Norrviken Gardens

Norrviken Gardens is a 14-hectare garden complex outside Båstad. It was created in 1906-1920 by Rudolf Abelin, horticulturalist and pomologist, who had been forced to abandon his original site north of Norrköping. Abelin came to Båstad in 1905 on the advice of Ellen Key and his childhood friend Ludvig Nobel. Båstad was already, by then, a fashionable resort that attracted figures from high society and cultural circles. The area was also blessed with a favourable climate for plant growth since it offered both moisture from the sea and protection from the wind.

Initially serving as a home to the well-travelled Rudolf Abelin and his family, Norrviken Gardens included an orchard, an Italian baroque garden, a renaissance garden, a cloister garden, an oriental garden and a Japanese garden. The main building, Villa Abelin, today houses a shop, a restaurant and an art gallery.

Here, Bergman found the perfect location for his comedy All These Women, the first film he made in colour. The different spaces within the Gardens fitted well with the film’s farcical plot, and its exterior shots were filmed here.

Shot at Norrviken Gardens:

All These Women is a light-hearted comedy about a virtuoso male cellist who lives, surrounded by women, in a magnificent house, the Villa Tremolo. Here, he is joined by Cornelius (Jarl Kulle), a conceited music critic, whose task is to write his biography. Although a private audience with the great man proves hard to come by, the beautiful women are rather more accommodating.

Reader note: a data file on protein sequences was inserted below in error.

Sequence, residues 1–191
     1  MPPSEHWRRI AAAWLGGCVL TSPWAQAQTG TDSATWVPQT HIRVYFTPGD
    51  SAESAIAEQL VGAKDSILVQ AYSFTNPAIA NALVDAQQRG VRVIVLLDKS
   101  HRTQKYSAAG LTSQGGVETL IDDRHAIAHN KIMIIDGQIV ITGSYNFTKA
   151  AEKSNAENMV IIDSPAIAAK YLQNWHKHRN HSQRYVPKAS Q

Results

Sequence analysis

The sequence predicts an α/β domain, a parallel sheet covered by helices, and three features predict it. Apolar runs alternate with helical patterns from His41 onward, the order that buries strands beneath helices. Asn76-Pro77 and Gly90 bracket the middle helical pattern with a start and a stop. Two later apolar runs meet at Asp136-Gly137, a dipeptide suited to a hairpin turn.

Norrviken Gardens is located on Kattviksvägen on the outskirts of Båstad.

Points of interest:

In 1900, Rudolf Abelin’s exemplary collections of giant fruit won him a gold medal and an honorary Danish award at the Nordic exhibition in Malmö, while his original garden was awarded the highest commendation at the World Exhibition in Paris that same year. Norrviken Gardens outside Båstad became one of the largest and best fruit producers in the Nordic region.